Garner will also work to restart government ministries, eliminating the top ranks of Saddam Hussein's Baath Party loyalists but luring lower-level Iraqi civil servants back to work alongside U.S. advisers. That work has been made more difficult by the American bombing of many ministry headquarters and by subsequent looting.
He plans to install three area "coordinators" for northern and southern Iraq and the capital, who will bring in about 100 Iraqi exiles to begin work on reconstruction and meeting humanitarian needs.
"General Garner has got an enormously difficult task to get all of these things up and running free of ... Baathist influence at the top," Deputy Secretary of State Richard Armitage said yesterday.
By some measures, the job will be easier than the tasks the United States and its allies faced in late 2001 in Afghanistan, where they began trying to create a modern, functioning society in a nation where virtually all government functions had ceased to exist.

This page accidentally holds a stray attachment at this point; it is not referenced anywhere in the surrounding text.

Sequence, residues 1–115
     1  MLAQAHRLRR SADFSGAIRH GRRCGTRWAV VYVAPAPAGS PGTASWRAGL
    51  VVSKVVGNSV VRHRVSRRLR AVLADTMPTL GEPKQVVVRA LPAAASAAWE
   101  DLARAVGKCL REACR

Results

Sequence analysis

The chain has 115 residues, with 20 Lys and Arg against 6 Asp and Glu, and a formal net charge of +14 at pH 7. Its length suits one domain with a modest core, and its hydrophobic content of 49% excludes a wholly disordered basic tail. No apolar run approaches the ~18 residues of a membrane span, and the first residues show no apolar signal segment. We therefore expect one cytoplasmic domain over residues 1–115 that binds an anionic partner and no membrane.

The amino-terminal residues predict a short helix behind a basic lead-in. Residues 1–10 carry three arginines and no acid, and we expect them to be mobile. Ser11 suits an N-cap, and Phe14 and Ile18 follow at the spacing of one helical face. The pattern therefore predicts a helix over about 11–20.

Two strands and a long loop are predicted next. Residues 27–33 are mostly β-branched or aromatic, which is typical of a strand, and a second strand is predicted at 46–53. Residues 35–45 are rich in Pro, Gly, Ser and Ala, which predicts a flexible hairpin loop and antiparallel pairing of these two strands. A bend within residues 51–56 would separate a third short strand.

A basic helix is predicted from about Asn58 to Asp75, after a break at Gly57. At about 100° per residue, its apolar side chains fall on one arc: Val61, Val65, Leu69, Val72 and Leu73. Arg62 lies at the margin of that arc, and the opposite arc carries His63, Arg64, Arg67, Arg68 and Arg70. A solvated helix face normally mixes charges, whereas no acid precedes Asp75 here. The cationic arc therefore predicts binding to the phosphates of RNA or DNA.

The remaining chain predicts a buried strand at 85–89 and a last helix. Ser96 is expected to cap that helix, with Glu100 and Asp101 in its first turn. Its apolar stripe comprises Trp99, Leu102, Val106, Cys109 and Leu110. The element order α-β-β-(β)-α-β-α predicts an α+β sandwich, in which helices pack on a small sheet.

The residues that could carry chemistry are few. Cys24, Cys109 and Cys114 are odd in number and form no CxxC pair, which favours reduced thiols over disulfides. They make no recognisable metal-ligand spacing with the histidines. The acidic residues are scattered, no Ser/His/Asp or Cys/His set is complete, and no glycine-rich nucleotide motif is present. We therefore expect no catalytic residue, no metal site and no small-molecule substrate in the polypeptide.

"Unlike Afghanistan, Iraq is not a failed state," Armitage said in an interview with a small group of reporters. "It was a torturous oppressive state, but it had education. Where Afghanistan was about 20 percent literate, here we're over 60 percent literate. They have a very well-developed middle class. And you have capable technocrats below ... leadership levels in, I think, every ministry,"
One of Garner's most sensitive jobs will be restarting Iraq's oil industry, which many of America's critics in the region charge is the real prize sought by the United States, and then turning it over to Iraqi control.